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Australia v India: The story of the series so far and why the fourth-Test decider on BT Sport is a must-watch
Everything you need to know about the fourth and final Test between Australia and India as the battle for the Border-Gavaskar trophy goes down to the wire.
Australia versus India has always been a fierce rivalry that toes the line between sporting competition and outright animosity, but this year's installment has been like no other.
From record-breaking batting collapses to sledging scandals, the first three Tests have delivered high-octane drama at every turn and all eyes will now be on Brisbane for what is sure to be a thrilling finale.
The winner of the four-match Test series will be decided at the Gabba on January 15 - and BT Sport is the only place to watch live coverage of every ball.
Here we reflect on a series for the ages and look ahead to what is shaping up to be an unmissable winner-takes-all game, with all the information you need on how to watch.
India's great escape
India arrived in Australia hoping to retain the Border-Gavaskar trophy they won back in 2018, when Virat Kohli's side made history by becoming the first Indian Test side to win a series Down Under.
Their defence started in nightmare fashion as they collapsed to 36 all out, India's lowest ever Test score, during an eight-wicket defeat to Australia inside three days of the day-night Test in Adelaide.
A week later the tourists bounced back, soldiering on without their talismanic captain and batsman Kohli, who flew back India to attend the birth of his child, to record an eight-wicket victory in the second Test at Melbourne.
It set up the prospect of a pivotal third Test in Sydney with the series deadlocked at 1-1.
Half centuries from debutants Will Pucovski and Cameron Green, alongside a timely Steve Smith ton, helped put the hosts in control going into the fifth and final day.
Chasing an unlikely total of 407 to win, India resumed day five on 98-2, staring down the barrel of Test defeat and going 2-1 behind in the series.
But on a remarkable day of drama, the tourists defied the odds to deny the hosts victory and hang on for an unlikely draw.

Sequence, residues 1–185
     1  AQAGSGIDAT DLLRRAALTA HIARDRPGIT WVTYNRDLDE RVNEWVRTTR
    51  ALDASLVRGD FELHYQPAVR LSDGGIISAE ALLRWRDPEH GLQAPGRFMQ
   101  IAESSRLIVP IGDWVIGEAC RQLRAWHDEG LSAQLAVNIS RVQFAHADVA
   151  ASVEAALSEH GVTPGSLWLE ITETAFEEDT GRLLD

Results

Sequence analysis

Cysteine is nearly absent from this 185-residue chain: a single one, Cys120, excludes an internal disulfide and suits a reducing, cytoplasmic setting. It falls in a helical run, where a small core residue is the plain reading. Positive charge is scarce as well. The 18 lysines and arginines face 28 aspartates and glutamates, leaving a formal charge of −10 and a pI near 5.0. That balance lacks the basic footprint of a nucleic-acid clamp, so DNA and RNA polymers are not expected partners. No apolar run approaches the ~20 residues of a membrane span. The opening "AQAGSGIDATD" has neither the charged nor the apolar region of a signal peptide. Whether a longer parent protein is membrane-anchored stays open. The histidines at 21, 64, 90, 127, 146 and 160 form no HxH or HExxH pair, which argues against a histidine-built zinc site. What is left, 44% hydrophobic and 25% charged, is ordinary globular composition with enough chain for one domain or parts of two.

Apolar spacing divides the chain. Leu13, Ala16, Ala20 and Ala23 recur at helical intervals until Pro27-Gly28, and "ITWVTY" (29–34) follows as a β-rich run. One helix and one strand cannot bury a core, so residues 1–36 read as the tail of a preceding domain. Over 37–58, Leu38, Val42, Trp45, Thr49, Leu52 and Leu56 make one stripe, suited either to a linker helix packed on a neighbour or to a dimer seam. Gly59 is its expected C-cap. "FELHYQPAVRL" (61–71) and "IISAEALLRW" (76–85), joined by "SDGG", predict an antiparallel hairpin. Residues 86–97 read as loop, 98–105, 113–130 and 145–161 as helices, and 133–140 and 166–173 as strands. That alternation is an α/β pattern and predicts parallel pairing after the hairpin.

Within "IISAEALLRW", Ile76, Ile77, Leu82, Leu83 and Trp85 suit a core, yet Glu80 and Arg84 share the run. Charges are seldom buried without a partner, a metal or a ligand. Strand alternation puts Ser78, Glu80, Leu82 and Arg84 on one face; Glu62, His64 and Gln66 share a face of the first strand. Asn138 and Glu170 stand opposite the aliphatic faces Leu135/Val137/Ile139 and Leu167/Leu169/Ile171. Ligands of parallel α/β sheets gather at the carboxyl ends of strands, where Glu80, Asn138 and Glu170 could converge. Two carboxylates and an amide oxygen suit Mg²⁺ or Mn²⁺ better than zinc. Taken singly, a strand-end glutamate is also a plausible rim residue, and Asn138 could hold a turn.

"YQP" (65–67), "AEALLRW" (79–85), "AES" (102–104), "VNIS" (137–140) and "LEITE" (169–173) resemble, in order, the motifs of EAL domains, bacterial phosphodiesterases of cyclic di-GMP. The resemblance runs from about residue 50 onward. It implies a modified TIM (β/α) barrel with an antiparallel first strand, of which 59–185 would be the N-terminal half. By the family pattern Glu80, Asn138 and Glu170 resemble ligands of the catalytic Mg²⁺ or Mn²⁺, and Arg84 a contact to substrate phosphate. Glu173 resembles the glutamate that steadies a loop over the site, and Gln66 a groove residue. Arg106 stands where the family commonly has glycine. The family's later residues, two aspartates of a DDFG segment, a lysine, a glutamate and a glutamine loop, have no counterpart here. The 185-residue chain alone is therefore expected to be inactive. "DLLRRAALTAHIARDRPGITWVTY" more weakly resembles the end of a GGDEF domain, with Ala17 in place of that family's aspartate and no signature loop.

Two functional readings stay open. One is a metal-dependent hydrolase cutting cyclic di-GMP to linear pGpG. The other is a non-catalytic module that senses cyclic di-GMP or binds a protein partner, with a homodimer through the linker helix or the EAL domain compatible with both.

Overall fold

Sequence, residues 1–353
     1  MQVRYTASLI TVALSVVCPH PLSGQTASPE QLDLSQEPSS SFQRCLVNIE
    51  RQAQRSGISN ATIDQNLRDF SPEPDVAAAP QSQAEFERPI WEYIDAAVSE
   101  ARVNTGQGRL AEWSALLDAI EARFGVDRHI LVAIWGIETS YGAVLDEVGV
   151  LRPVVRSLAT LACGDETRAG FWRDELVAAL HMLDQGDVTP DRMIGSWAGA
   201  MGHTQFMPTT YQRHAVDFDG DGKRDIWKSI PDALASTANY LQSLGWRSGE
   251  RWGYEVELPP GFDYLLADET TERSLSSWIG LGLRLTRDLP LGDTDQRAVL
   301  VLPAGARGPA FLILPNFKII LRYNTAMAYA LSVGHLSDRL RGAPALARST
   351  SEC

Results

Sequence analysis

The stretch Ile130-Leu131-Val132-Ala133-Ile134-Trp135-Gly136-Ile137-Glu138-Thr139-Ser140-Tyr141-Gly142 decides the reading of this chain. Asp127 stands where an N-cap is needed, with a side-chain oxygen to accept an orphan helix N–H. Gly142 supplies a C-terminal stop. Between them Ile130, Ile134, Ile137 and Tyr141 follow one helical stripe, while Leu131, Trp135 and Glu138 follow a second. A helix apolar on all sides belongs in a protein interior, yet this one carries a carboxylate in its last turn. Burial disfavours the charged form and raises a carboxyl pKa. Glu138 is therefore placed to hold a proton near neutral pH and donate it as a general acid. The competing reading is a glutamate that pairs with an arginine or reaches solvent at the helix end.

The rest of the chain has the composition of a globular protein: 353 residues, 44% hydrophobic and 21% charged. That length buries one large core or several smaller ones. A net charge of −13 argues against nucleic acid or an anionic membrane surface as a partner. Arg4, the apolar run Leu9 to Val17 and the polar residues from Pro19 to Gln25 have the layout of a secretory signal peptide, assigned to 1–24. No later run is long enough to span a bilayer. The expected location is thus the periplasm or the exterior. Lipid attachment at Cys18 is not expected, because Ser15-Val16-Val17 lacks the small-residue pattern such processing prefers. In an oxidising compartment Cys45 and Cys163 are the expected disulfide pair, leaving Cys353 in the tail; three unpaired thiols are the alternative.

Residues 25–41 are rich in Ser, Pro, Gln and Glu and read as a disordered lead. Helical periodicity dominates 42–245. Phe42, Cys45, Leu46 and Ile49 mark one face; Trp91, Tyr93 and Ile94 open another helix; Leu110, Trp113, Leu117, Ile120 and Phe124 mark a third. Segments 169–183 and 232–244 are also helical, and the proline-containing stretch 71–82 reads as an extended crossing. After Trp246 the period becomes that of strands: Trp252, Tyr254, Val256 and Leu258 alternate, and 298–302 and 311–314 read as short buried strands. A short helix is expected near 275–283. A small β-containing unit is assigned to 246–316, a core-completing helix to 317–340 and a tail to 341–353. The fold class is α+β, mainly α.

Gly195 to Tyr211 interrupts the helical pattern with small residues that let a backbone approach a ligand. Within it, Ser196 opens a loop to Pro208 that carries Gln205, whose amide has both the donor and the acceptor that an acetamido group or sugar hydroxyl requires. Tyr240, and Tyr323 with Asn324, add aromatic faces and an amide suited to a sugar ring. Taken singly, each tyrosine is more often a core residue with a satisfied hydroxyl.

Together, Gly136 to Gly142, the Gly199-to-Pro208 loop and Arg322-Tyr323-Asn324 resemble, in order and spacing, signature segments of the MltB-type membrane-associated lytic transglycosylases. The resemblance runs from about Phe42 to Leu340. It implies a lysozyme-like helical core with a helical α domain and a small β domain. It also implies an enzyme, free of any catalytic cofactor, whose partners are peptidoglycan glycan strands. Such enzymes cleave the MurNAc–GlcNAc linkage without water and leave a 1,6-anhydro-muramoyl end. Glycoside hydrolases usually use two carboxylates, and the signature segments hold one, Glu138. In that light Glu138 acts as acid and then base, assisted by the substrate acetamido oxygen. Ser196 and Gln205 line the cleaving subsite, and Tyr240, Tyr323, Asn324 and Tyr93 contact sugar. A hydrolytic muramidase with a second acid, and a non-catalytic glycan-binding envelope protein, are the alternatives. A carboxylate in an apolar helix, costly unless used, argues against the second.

India responded to the early loss of captain Ajinkya Rahane in extraordinary fashion.
Wicketkeeper-batsman Rishabh Pant, who was nursing an elbow injury, countered with a scintillating 97 and Cheteshwar Pujara ground out 77, to give the tourists genuine hope of pulling off the third-highest fourth-innings chase in Test history.
Australia once again looked the more likely to claim victory when both fell before tea, but they couldn’t breach the resolute defence of Hanuma Vihari and Ravichandran Ashwin, who battled superbly to survive 256 balls and steer India to 334-5 at the close.
It was herculean effort from Ashwin, who could "not stand up straight" on the morning of day five, according to his wife.
The spinner, who has four Test centuries to his name, was seen standing and stretching in the dressing room balcony throughout the afternoon before coming out to bat.
The fact that India - severely depleted by injuries and absences - were able to defy a world-class Australian attack to bat out three sessions and keep the series tied at 1-1, will go down as one of the great rearguard actions and another blot on Tim Paine's copy book as captain.
The Tasmanian has endured a rollercoaster tenure since replacing Steve Smith in the fallout from the 2018 ball-tampering controversy that rocked Australian cricket, but it hit rock bottom in Sydney.
The 36-year-old dropped three catches on the final day as the hosts chased the eight wickets required to seal victory.
"We were pretty confident in forcing victory with our attack. We created enough chances all day so it's a tough one to swallow, especially for me," he said.
"I'll cop the blame for that, move on and look forward to Brisbane," he added. "It was a wholehearted effort from the boys and things just didn't go our way."
Controversy rears its head again